Abstract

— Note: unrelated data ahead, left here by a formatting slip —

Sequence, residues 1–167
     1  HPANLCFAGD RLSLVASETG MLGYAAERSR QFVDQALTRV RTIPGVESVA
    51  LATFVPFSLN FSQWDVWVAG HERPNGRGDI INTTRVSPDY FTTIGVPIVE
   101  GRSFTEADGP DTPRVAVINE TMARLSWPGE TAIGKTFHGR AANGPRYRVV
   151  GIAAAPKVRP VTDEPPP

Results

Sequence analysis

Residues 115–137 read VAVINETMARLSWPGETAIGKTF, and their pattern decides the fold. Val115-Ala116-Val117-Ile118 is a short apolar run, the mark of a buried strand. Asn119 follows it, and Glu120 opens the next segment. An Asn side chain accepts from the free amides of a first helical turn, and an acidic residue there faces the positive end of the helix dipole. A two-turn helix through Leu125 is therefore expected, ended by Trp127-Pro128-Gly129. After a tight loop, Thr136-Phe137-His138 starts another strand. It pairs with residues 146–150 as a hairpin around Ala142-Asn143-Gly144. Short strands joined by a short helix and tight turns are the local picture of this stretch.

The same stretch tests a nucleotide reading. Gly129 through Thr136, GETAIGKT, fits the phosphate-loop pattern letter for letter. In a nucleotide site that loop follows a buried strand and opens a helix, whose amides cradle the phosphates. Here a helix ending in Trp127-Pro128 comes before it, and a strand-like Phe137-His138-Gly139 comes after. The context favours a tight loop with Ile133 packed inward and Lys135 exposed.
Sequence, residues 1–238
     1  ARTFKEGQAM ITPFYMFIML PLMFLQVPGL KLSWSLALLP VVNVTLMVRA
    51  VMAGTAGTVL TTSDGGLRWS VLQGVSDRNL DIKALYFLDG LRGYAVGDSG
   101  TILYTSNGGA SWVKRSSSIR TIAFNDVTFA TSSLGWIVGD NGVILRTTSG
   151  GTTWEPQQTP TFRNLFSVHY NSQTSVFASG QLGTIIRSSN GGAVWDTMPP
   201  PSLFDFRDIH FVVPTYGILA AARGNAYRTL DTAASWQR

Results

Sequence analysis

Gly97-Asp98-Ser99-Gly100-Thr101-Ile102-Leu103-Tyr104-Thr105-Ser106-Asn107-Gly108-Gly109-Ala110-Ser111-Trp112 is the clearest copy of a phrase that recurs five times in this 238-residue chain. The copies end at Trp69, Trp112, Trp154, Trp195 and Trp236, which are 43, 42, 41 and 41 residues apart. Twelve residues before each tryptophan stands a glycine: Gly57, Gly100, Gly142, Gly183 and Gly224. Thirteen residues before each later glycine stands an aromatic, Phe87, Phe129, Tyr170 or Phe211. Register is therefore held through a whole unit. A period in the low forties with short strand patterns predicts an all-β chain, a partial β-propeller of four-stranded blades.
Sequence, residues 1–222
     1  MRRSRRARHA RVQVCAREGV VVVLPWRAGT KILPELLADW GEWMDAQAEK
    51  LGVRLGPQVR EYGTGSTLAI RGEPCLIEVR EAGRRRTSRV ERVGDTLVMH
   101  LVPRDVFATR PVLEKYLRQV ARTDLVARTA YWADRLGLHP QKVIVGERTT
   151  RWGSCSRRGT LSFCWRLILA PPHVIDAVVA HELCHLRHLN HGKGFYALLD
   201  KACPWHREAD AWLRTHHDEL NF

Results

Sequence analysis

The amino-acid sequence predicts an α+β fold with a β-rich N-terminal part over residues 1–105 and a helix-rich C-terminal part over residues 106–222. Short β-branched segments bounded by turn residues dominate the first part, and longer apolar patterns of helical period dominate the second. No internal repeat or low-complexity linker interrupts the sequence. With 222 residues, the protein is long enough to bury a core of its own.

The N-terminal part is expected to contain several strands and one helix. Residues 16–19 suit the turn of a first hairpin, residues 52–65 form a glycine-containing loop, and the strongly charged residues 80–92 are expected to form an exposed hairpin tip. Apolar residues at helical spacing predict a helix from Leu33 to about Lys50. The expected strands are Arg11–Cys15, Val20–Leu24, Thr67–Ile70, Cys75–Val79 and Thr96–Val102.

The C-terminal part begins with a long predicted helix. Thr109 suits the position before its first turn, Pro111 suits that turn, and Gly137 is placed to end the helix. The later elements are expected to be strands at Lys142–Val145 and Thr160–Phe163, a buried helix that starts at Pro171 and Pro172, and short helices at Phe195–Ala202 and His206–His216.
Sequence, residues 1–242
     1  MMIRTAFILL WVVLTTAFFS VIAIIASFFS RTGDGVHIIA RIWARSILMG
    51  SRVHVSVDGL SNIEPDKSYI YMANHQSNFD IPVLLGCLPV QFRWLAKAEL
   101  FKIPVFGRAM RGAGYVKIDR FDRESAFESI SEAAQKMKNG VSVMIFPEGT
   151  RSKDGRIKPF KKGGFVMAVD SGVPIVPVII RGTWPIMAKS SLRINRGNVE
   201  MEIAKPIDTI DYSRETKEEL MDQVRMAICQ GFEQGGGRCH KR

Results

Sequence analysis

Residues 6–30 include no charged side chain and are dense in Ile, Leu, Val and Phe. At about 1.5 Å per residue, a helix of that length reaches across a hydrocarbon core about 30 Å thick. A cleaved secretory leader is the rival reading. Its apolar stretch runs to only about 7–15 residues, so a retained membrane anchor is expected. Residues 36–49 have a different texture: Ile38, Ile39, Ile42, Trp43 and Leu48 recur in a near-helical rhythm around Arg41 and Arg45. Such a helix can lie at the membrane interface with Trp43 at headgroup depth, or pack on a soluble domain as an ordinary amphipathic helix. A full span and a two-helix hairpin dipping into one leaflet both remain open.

The Antarctic circumpolar wave (ACW) is a nominal 4-yr climate signal in the ocean–atmosphere system in the Southern Ocean, propagating eastward at an average speed of 6–8 cm s−1, composed of two waves taking approximately 8 years to circle the globe. The ACW is characterized by a persistent phase relationship between warm (cool) sea surface temperature (SST) anomalies and poleward (equatorward) meridional surface wind (MSW) anomalies. Recently, White and Chen demonstrated that SST anomalies in the Southern Ocean operate to induce anomalous vortex stretching in the lower troposphere that is balanced by the anomalous meridional advection of planetary vorticity, yielding MSW anomalies as observed. In the present study, the authors seek to understand how this atmospheric response to SST anomalies produces a positive feedback to the ocean (i.e., an anomalous SST tendency displaced eastward of SST anomalies) that both maintains the ACW against dissipation and accounts for its eastward propagation. To achieve this, we couple a global equilibrium climate model for the lower troposphere to a global heat budget model for the upper ocean. In the absence of coupling, the model Antarctic Circumpolar Current (ACC) advects SST anomalies from initial conditions to the east at speeds slower than observed, taking 12–14 years to circle the globe with amplitudes that become insignificant after 6–8 years. In the presence of coupling, eastward speeds of the model ACC are matched by those due to coupling, together yielding a model ACW of a nominal 4-yr period composed of two waves that circle the globe in approximately 8 years, as observed. Feedback from atmosphere to ocean works through the anomalous zonal surface wind response to SST anomalies, yielding poleward Ekman flow anomalies in phase with warm SST anomalies. As such, maintenance of the model ACW is achieved through a balance between anomalous meridional Ekman heat advection and anomalous sensible-plus-latent heat loss to the atmosphere. This balance requires the alignment of covarying SST and MSW anomalies to be tilted into the southwest–northeast direction, which accounts for the spiral structure observed in global SST and sea level pressure anomaly patterns around the Southern Ocean. Eastward coupling speeds of the model ACW derive from a beta effect in coupling that displaces a portion of the anomalous meridional Ekman heat advection, and its corresponding anomalous SST tendency, to the east of SST anomalies. Therefore, the ACW is an example of self-organization within the global ocean–atmosphere system, depending upon the spherical shape of the rotating earth for its propagation and the mean meridional SST gradient for its maintenance, and producing a net poleward eddy heat flux in the upper ocean that tends to reduce this mean gradient.